Regular readers know that I am a big supporter of international tax competition as a mechanism to limit the greed of the political elite. Unfortunately, the statists are having some success in their efforts to undermine the fiscal sovereignty of low-tax jurisdictions. Even the Swiss have been forced to weaken their human rights policy of protecting financial privacy. So does this mean the politicians from high-tax nations will get more money to spend? Probably not. One reason is that “better” enforcement of high tax rates on saving and investment will have the same economic impact as an increase in tax rates. This, of course, will mean less saving and investment, which translates into slower growth and a smaller tax base. Another reason is that restrictions on the ability to shift economic activity across border to escape oppressive taxation will lead many people to find domestic strategies as a substitute means of protecting their income and assets. An article by a Romanian academic explains further and notes that low-tax jurisdictions will continue to enjoy better economic performance.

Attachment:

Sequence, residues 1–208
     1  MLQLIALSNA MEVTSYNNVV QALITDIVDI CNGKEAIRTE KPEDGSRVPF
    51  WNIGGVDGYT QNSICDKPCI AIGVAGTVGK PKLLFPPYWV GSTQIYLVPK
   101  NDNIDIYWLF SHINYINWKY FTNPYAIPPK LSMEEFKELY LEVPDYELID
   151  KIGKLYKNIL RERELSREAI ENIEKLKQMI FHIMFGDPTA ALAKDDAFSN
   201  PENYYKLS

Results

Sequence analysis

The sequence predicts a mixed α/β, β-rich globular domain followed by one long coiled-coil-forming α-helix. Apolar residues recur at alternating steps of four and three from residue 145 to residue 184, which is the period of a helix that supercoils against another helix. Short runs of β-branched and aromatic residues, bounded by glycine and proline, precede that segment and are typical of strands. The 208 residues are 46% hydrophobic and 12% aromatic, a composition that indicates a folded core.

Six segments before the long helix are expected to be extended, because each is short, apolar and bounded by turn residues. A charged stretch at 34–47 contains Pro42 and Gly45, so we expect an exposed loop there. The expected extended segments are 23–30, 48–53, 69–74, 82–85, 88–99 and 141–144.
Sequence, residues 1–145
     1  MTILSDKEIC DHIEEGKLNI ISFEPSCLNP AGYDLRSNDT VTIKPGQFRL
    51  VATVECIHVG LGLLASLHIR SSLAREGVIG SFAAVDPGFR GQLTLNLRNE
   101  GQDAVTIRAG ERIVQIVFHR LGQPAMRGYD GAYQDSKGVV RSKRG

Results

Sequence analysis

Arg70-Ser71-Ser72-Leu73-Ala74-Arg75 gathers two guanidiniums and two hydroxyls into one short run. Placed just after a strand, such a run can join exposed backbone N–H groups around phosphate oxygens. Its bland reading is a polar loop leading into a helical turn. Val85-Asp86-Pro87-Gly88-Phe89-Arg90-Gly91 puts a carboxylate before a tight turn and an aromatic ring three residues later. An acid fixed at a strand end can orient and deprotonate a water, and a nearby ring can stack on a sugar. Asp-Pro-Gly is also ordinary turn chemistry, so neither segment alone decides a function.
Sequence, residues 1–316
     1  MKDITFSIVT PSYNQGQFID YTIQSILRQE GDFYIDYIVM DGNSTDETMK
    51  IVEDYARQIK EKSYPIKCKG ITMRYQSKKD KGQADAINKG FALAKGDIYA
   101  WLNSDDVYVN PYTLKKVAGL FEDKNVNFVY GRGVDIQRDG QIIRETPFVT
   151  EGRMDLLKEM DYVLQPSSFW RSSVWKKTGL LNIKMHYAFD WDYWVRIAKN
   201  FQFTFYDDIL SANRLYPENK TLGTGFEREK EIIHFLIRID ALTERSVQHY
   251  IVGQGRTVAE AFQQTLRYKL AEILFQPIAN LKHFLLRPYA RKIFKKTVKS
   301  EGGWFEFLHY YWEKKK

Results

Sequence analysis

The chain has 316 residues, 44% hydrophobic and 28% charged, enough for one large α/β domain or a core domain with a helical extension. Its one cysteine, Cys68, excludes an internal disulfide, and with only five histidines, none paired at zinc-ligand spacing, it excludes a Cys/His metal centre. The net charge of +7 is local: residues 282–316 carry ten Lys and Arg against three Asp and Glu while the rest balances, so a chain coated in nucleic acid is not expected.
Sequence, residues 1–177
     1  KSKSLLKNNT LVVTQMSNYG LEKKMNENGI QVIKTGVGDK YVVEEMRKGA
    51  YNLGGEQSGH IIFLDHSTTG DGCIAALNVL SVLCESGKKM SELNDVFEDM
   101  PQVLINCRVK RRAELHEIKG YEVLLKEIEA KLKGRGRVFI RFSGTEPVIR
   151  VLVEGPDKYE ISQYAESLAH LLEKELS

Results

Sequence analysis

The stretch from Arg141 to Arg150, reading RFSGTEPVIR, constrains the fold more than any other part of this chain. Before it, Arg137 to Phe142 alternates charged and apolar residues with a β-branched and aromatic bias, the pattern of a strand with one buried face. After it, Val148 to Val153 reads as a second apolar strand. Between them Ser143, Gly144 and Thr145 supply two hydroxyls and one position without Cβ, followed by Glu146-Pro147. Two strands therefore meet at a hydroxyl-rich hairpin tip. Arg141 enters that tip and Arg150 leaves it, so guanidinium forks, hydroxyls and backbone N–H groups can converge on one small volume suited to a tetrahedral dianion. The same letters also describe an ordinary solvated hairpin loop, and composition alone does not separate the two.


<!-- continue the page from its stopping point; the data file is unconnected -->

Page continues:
It is of course illegal not to declare assets and income held abroad, but the fact that some people are driven to this extreme suggests that in some countries taxes have reached unacceptably high levels. In exactly the same fashion, people are also driven to hide some of their economic activity from the tax man, giving rise to the well known phenomenon of the underground economy. In fact, tax evasion is as old as taxes themselves, and the best way to minimize it is to levy reasonable taxes. International tax evasion and the local underground economy provide the two main escape routes. In modern democratic times, they also set implicit limits to the growth of government. They are both illegal, but the local shadow economy is now so widespread that governments know that they cannot enforce compliance without becoming hugely unpopular (suggesting that high taxes are, in fact, not as widely accepted by the population as some would like to think). Limiting international tax competition looks a much easier bet. However, if high-tax countries are successful in stopping the shift of savings to tax havens by enforcing transparency and information exchange, they will displace, but not halt, tax evasion and fiscal competition. The underground economy, both local and international, will grow. In the meantime, wealthy people and their assets will continue to move from high to low tax environments. Over time, the economically more attractive places will still enjoy much higher rates of economic growth.